The Democracy in History Workgroup of CEU Democracy Institute cordially invites you to a new session of the Jeno Szucs Lecture Series.
The lecture offers an overview of historical sociological research on Hungarian Jewry undertaken by Victor Karady and the late István Kemény in the 1970s in Paris. Now a Hungarian edition of their first major publication invites us to rethink what is unique about Hungarian Jewish history. After the lecture, the brand-new volume will be up for sale thanks to the Múlt es Jövő publishing house.
If you would like to attend the lecture in person, please register here by September 20.
If you would like to follow it online, the Zoom-meeting will be available here.
About the speaker:
Victor Karady has been educated in Budapest, Vienna and Paris, with degrees from the Sorbonne in sociology, English and demography. A member of the Centre de Sociologie Européenne in Paris founded by Raymond Aron and later headed by Pierre Bourdieu, he is emeritus research director with the French CNRS and former university professor at the Historical Department of the CEU. His main research interests lie in the social history of the social sciences, ethnic and denominational inequalities of modernization (especially in Central Europe), Jews in European societies since the Enlightenment, networks of international student exchange, historical sociology of national educational systems.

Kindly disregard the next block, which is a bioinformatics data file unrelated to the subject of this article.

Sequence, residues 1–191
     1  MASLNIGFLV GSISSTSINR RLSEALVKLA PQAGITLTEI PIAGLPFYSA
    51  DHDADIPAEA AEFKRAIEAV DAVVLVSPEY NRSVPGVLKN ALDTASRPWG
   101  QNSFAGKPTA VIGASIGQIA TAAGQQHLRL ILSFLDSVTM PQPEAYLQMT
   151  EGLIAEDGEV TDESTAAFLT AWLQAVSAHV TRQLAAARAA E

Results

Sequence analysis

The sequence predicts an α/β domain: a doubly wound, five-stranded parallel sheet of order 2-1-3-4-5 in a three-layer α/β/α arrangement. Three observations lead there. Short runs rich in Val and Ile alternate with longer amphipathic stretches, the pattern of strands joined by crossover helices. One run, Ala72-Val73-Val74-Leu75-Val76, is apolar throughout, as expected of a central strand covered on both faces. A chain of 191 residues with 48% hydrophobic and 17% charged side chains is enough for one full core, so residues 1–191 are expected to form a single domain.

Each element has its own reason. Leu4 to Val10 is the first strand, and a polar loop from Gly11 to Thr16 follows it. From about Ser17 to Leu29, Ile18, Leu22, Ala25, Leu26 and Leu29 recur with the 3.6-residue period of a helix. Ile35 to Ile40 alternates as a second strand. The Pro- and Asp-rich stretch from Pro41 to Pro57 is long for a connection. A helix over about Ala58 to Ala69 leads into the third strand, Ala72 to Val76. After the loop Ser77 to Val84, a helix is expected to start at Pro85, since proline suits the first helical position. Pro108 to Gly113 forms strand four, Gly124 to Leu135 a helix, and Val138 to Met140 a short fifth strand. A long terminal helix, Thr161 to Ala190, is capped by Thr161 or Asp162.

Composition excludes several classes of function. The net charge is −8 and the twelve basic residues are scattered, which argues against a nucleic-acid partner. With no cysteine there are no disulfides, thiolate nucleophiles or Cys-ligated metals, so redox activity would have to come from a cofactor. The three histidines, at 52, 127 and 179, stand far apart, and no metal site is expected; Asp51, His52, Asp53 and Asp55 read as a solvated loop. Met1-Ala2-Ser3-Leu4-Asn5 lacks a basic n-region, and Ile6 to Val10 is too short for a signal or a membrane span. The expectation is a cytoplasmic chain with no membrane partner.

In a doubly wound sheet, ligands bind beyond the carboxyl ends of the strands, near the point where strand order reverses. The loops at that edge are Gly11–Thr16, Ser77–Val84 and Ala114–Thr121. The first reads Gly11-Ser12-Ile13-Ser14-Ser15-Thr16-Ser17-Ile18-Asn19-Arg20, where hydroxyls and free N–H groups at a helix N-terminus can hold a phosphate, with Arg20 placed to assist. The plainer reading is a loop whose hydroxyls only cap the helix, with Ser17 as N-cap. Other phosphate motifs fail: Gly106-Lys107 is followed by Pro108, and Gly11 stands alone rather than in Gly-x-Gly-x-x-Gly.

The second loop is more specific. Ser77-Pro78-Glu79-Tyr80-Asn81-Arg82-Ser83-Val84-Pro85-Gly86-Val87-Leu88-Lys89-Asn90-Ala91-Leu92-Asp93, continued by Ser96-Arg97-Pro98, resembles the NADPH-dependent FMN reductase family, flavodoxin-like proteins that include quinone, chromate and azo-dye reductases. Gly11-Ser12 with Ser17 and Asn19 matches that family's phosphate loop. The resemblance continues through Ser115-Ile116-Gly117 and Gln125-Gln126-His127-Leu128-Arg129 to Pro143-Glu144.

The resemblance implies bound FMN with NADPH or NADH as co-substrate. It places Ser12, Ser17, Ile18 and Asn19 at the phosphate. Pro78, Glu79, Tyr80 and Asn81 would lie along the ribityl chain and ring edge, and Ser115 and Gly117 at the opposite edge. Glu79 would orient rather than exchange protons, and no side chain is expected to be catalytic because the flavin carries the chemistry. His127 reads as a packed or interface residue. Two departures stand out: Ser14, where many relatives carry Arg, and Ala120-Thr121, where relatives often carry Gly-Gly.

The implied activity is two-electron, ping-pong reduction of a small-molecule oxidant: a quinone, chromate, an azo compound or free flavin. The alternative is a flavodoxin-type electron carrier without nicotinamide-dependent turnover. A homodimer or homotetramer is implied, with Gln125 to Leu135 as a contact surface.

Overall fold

Agnes Kelemen is a research assistant at the CEU Democracy Institute. She holds a Ph.D. in History (2019) from CEU, an MA in nationalism studies (2014) with a specialization in Jewish studies from CEU and a BA (2012) in history and religious studies from ELTE. Her main research interests are East Central Europe, migration and Jewish history. Between her Ph.D. and joining the DI (2019-2022), she worked as a research fellow at the Masaryk Institute of the Czech Academy of Sciences. She has published numerous peer reviewed academic articles and book chapters in Hungary, Italy and the Czech Republic, while also working on the public dissemination of historical knowledge.